Mr. Satloff's book told me much I did not know: For instance, that between 4,000 and 5,000 Jews, or roughly 1% of North Africa's Jews, had died under Axis control of Arab lands. While there were no "death camps" in the Middle East, Germany, Vichy France, and Italy had, in the short time they controlled Europe's North African colonies, established more than 100 labor and "punishment" camps in which Jews suffered and died. America had also allowed the anti-Jewish laws imposed by the Vichy government to stand for more than a year after Allied troops entered North Africa.
Mr. Satloff presents a new Holocaust vocabulary in Arabic — "mellah," for the ghettos in which Arab-speaking Jews had traditionally lived; "consistoires," or North African Judenraete, the Jewish community councils that were forced to respond to Axis demands for Jewish men as slave laborers, along with their property, gold, jewelry, and money. "Goumiers" were local Arab soldiers employed at the brutal camps in Morocco. "Tombeau" was torture in which Jews were forced to lie face up, often in their own feces, throughout freezing desert nights and insufferably hot summer days, in shallow clay graves they had been ordered to dig for themselves.
The most compelling parts of the book are those in which Mr. Satloff seeks remnants of the labor and "punishment" camps in Morocco near the never-completed Trans-Sahara railway, built by slave labor, much of it Jewish, between 1941 and 1942, or searches for relatives of Jewish survivors and their Arab saviors. All too often, Mr. Satloff confesses, he succeeds in piecing together these "lost" stories through sheer luck.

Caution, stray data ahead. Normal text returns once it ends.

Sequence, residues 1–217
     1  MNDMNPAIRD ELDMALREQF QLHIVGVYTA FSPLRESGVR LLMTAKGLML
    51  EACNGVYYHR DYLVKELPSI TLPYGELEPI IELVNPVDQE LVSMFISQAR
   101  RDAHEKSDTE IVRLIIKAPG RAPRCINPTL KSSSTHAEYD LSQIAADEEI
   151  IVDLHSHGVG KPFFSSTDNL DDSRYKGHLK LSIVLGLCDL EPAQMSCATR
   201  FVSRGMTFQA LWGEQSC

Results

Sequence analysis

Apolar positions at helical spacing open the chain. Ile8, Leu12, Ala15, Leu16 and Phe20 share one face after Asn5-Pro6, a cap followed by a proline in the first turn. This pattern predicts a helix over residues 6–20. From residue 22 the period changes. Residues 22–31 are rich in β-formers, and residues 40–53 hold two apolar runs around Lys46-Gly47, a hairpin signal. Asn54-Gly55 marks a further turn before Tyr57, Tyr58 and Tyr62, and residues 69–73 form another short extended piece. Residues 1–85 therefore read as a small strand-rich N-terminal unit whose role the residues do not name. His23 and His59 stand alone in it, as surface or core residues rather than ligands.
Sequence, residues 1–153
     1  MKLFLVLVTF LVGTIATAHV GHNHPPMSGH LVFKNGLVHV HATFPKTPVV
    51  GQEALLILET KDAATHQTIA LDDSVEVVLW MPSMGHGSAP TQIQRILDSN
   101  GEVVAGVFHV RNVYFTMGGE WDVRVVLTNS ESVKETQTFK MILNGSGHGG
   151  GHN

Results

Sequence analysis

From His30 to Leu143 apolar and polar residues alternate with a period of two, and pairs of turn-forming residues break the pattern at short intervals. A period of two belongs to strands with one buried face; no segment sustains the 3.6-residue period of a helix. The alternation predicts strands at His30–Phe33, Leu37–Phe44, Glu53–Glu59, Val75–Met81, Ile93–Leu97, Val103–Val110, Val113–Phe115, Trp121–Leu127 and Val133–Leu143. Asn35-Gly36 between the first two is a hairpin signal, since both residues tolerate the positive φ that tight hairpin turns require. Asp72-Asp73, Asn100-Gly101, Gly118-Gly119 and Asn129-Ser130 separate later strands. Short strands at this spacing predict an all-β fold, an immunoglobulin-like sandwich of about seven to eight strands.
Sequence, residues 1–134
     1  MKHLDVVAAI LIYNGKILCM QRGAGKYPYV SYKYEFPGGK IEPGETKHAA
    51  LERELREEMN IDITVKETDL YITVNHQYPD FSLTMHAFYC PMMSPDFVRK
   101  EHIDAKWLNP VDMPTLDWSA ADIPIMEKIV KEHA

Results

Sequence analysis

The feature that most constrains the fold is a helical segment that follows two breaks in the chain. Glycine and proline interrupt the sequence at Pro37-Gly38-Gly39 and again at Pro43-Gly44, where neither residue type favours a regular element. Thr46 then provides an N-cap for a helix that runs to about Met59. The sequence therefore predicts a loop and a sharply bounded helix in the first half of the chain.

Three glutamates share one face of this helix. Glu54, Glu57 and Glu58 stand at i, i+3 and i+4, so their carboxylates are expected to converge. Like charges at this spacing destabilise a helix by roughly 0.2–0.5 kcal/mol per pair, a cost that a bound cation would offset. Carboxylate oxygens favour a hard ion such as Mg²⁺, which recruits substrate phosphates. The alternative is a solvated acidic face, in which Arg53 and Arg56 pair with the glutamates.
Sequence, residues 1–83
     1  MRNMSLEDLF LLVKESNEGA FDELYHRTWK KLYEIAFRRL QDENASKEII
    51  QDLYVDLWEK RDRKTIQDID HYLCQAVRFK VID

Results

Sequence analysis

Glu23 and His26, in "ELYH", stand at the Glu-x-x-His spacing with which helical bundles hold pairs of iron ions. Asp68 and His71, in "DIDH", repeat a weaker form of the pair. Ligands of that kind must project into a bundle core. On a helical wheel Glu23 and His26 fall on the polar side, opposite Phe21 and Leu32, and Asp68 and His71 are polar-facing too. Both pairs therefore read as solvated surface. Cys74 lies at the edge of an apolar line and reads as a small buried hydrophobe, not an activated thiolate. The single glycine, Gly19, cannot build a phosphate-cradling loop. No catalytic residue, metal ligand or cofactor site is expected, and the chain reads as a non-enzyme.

Lacking comprehensive statistics and denied access to official and diplomatic files that Arab governments have sealed for 100 years, Mr. Satloff is careful not to present firm estimates of deaths, internments, injuries, and economic loss. But he discovers valuable information about Arabs helping or resisting efforts by the Third Reich, Italian Fascists, and Vichy bureaucrats to isolate and destroy Jews. For instance, in an interview, the current rector of the Great Mosque of Paris (an ethnic Algerian who is also president of the governing body of all French Muslims, an extraordinarily sensitive post given the strained relations between French Arabs and the government) confirmed that his predecessor in France had rescued up to 100 Jews in World War II. The rector also provided evidence that the Germans had suspected that his predecessor was helping Jews, and had ordered him to stop — or else. Yad Vashem told the Mosque that the memorial only recognized individuals who had rescued Jews, not institutions. Mr. Satloff argues that Yad Vashem should find a way to recognize the "righteous" French Muslims who saved Jews "in the heart of Europe," especially since it might help ease the hostile relationship between France's Jews and Muslims.